After a while though the monotony does start to set in however as you’re often sent from one side of the map to the other only to find out that you’ll have to switch to another level and then traverse that to get to your destination. This wouldn’t be so bad if the driving was a bit tighter, or at the very least had upgrade options that’d make it a lot more enjoyable. To be sure there are upgrades but most of the handling ones didn’t seem to make much of a difference. I can understand that it’s part of the game’s design, hover cars after all probably wouldn’t drive like they’re on rails, but when the main thing you’ll be doing for more than half the game isn’t particularly enjoyable perhaps it’s worth looking at sacrificing authenticity for enjoyment.

It’d also help if the upgrades were somewhat rewarding but they’re honestly not. I was pretty excited to see that there was a retro console upgrade and retro game cartridges as collectible items. Figuring that I’d put 2 and 2 together and get something cool, maybe even an achievement, I bought the upgrade. Trouble is I couldn’t tell you where in my apartment it was nor could I interact with it at all. This goes for basically all the upgrades which are simply just more voxels for your PC to render. The clothing upgrades for your character are worse still, some of them just being basic colour changes. It feels as if the game was built with a reason for you to need a truckload of lims but never got around to implementing it fully. So instead we just have what amounts to cosmetics in a single player game, not particularly worth it if you ask me.

There’s also a few items which could use some fine tuning. The physics engine sometimes gets real confused when you bump into another car and shoots you directly upward as far as you’re allowed to go. This would be an edge case issue if the hitboxes for the cars weren’t quite a bit bigger than the models themselves, making unintended bumps and skyward punts more common than you’d expect. It would also be nice to have a way to upgrade your walk speed (for the record I did try the caffeine drink, whatever it was, and it seemed to make Rania run faster but I couldn’t tell you if she really did) as walking back through the same area for the 5th time does get a bit laborious and it’d be nice to be able to rush through them. Apart from those small issues though the game is basically fault free.

The story is kind of middling although it does have a great cast of characters that are given enough screen time to build them out substantially. In the beginning it is a bit much to have everyone you meet vomit their life story at you but after a while they do start to build together into an expansive world which is quite intriguing. However the story told within that just doesn’t really hit the mark and the emotional highs it tries to put forward feel unearned. The ending is also sub-par, taking the end-o-tron 3000 approach after spending most of its time trying to impress upon you the gravity of the choices you’ve been making. I’d definitely play a sequel if the devs choose to revisit this world, though.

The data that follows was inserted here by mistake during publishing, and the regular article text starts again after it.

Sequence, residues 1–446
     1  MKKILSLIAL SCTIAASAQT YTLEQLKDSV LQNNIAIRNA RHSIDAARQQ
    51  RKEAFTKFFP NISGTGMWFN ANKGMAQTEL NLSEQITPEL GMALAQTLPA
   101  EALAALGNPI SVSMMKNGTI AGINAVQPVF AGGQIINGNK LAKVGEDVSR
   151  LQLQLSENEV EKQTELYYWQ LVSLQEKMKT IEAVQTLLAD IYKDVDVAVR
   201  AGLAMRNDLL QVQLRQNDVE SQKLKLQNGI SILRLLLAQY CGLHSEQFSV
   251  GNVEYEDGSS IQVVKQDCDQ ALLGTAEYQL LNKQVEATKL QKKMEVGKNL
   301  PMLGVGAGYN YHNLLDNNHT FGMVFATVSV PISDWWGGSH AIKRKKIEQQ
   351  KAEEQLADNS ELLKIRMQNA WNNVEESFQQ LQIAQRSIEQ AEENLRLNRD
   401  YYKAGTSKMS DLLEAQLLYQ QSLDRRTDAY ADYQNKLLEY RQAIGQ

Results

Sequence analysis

Cloudpunk crams a lot into one place with vast voxel environments for you to explore from the comfort of your trusty hover car. There’s been a lot of care and attention paid to the visual experience and they’ve really managed to capture that dystopian, cyberpunk future feel. However the actual gameplay is very middle of the road, with the repetitive nature of the core game loop, unrewarding progression mechanisms and so-so story making for an experience that’s good, but not great. If all you’re looking for is an excuse to drive through a neon-soaked futuristic dystopia then I don’t think there’s many better alternatives around right now.

Rating: 7.25/10

Cloudpunk is available on PC, PlayStation 4, Xbox One and Nintendo Switch right now for $28.95. Game was played on the PC with 7 hours of total playtime and 63% of the achievements unlocked.

Bright Memory: Proof of Concept.

The level of content coming out of one person studios these days is frankly astounding. Part of that is definitely due to the great level of community developed IP available for anyone on their engine of choice as well as the host of ancillary tools and assets available that can make some challenging tasks trivial. I’m also a fan of short concept games that are then used to garner interest from the general public or from publishers as they’re much, much better than a short Kickstarter video which always writes more cheques than the developer could ever cash. Bright Memory is the latest one-person studio wonder to hit Steam and whilst there’s only a morsel of a game here what’s there is good and worthy of being developed further.